The One-Sector Economy

Philip AuerswaldPhilip Auerswald (@auerswald)

October 2, 2015


You hear a lot about sectors of the economy. Energy. Health. Transportation. Fine. But what those breakdowns of the economy miss are the deeper structural factors that drive economic vitality.

Think about it. From the sky, the only part of the forest you see is the canopy. GE. Walmart. Exxon. Google. These largest companies dominate our view of economic activity and capture a huge share of economic sunlight. Sometimes we think that these large firms are the economy.

Of course, they're not. There's a lot of activity below the canopy. When we make our way along the floor of the rainforest (Main Street), we see small treesólots of them. That's what we call "small business." Collectively, these small trees actually comprise a lot of biomass. In the United States, the shrub layer of the economy consistently represent roughly 47% of overall employment.

Again, that's all fine. But if you have ever taken a walk in a rainforest, you know that what makes the rainforest vibrant isn't the existence of large trees, or the existence of small trees.

What makes the rainforest vibrant is this:

New trees grow from old trees.

When trees are old, or weakened, or get hit by lightning, they fall over...

Enabling Entrepreneurial Ecosystems

In a paper of mine released yesterday by the Kauffman Foundation, I propose six strategies to enable entrepreneurial ecosystems:

  1. Favor incumbents less. Policies and regulations that favor existing, dominant companies over entrepreneurial ventures constrain competition and create barriers to entry for new firms. Examples of such regulations include assertive enforcement of non-compete laws, excessively restrictive occupational licensing requirements and regulatory complexity that inhibits contracting. Policymakers should avoid such policies and regulations and work to reduce the barriers to business startup.
  2. Listen to entrepreneurs. Rather than developing policies abstractly intended to correct "market failures," policymakers should listen to what entrepreneurs have to say about their challenges. That input should be used to develop policies that stimulate idea exploration, product development and increased rates of deal flow.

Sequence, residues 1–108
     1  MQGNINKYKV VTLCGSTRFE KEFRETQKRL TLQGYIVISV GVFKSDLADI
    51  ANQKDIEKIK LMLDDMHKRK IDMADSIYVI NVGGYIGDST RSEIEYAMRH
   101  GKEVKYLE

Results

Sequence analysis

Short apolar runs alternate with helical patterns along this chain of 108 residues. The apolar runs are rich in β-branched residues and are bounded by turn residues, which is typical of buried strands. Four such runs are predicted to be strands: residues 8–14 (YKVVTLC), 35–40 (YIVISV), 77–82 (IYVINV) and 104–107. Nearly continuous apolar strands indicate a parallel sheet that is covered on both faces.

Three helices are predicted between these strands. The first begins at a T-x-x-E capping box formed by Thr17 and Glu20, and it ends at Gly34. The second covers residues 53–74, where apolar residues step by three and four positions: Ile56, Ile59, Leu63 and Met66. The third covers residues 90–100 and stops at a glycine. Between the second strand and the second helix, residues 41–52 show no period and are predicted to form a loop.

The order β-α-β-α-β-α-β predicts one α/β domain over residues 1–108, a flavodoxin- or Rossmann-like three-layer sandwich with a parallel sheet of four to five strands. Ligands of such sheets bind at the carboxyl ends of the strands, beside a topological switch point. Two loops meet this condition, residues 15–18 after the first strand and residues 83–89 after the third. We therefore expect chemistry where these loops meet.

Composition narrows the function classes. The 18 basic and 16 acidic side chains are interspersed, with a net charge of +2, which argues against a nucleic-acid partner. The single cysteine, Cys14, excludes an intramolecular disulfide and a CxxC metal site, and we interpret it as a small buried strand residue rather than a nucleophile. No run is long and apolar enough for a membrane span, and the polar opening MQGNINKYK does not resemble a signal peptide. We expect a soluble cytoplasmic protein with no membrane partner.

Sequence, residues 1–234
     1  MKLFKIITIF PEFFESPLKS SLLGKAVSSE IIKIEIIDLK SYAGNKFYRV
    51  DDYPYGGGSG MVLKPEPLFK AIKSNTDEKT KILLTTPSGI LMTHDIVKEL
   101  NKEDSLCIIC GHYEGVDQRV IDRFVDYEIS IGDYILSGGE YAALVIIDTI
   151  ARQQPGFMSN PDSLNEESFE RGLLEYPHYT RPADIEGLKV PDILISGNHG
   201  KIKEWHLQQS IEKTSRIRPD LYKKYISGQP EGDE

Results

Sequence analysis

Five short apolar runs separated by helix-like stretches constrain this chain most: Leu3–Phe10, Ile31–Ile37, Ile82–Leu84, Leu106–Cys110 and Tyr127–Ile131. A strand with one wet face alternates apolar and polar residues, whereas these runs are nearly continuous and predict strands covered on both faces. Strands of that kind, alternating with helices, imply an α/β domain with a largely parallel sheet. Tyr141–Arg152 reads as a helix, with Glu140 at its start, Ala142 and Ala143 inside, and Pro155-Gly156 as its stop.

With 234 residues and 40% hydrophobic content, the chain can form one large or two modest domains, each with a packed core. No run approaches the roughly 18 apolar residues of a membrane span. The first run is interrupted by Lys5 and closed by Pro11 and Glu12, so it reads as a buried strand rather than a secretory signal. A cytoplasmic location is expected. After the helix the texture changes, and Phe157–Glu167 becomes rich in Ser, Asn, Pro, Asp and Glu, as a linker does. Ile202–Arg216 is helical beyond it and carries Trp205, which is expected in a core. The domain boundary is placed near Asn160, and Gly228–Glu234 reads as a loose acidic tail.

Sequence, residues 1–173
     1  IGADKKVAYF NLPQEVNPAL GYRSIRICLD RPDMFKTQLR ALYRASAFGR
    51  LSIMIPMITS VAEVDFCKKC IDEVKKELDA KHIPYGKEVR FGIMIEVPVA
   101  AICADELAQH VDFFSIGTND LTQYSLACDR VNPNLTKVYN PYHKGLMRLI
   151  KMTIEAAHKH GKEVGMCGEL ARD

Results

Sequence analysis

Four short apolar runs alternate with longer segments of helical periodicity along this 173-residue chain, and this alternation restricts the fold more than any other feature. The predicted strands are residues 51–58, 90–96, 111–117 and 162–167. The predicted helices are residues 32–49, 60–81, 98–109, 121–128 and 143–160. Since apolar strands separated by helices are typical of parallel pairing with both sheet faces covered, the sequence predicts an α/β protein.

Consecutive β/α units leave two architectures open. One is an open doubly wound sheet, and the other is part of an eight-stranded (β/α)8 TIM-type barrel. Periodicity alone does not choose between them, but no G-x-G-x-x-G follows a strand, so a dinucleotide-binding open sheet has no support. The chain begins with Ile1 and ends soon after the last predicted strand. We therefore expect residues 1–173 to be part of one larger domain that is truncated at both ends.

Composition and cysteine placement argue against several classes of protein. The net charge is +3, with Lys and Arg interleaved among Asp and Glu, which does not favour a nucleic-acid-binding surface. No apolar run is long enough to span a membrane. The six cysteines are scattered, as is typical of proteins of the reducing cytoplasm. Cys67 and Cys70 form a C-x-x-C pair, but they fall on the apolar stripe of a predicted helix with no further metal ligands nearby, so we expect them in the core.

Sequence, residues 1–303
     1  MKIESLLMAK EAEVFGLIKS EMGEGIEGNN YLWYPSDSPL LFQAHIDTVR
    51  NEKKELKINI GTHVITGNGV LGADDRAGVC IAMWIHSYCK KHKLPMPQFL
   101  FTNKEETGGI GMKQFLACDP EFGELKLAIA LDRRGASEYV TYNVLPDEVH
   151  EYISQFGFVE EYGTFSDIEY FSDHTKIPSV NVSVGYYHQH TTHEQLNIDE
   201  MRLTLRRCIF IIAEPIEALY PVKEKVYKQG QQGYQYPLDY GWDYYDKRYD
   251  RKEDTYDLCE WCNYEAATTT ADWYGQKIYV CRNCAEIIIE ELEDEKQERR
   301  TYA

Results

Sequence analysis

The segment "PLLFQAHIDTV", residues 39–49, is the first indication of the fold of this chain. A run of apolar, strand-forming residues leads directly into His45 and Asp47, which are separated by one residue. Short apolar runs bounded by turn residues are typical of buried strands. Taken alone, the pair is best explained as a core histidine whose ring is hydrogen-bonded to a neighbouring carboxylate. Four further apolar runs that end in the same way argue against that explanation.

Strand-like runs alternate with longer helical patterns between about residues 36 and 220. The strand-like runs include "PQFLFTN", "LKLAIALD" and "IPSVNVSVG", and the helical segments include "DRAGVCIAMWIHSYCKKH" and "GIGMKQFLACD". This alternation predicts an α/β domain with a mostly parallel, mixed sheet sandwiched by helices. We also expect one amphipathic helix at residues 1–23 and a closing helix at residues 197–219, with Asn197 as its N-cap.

3. Map the ecosystem. Entrepreneurial supporters should create an inventory or graph that indicates who the participants in the ecosystem are and how they are connected. Ecosystem maps can become valuable tools in developing engagement strategies.
  4. Think big, start small, move fast. This simple rule, long a guiding principle for entrepreneurial ventures, also holds true for successful entrepreneurial ecosystems. The ecosystem should enable the connectivity needed for early success, and then clear the runway for future growth.
  5. Avoid artificially segmenting your community or your strategies. Entrepreneurs and members of entrepreneurial communities are active participants in creating new companies, investing in and/or advising startups, mentoring entrepreneurs and serving as customers of entrepreneurial companies. Expect participants in entrepreneurial ecosystems to play multiple roles, and make the most of their valuable skillsets.
  6. Prepare to capitalize on crises. Much like the rotting trunk of a fallen tree feeds the growth of new saplings, economic disruption creates entrepreneurial opportunities. Because disruptions are inevitable in economic and social life, architects of entrepreneurial ecosystems should anticipate them and prepare to make the most of the opportunities they create.

The paper of mine released this week is part of a broader research initiative on entrepreneurial ecosystems at the Kauffman Foundation including this report on "Measuring an Entrepreneurial Ecosystem" authored by my colleagues Dane Stangler and Jordan Bell-Masterson. Our shared conjecture is that ecosystems can provide a conceptual framework within which policymakers can ask relevant questions, envision better approaches, and evaluate resultant outcomes.

You can download my newly released Kauffman Foundation report on "Enabling Entrepreneurial Ecosystems" here.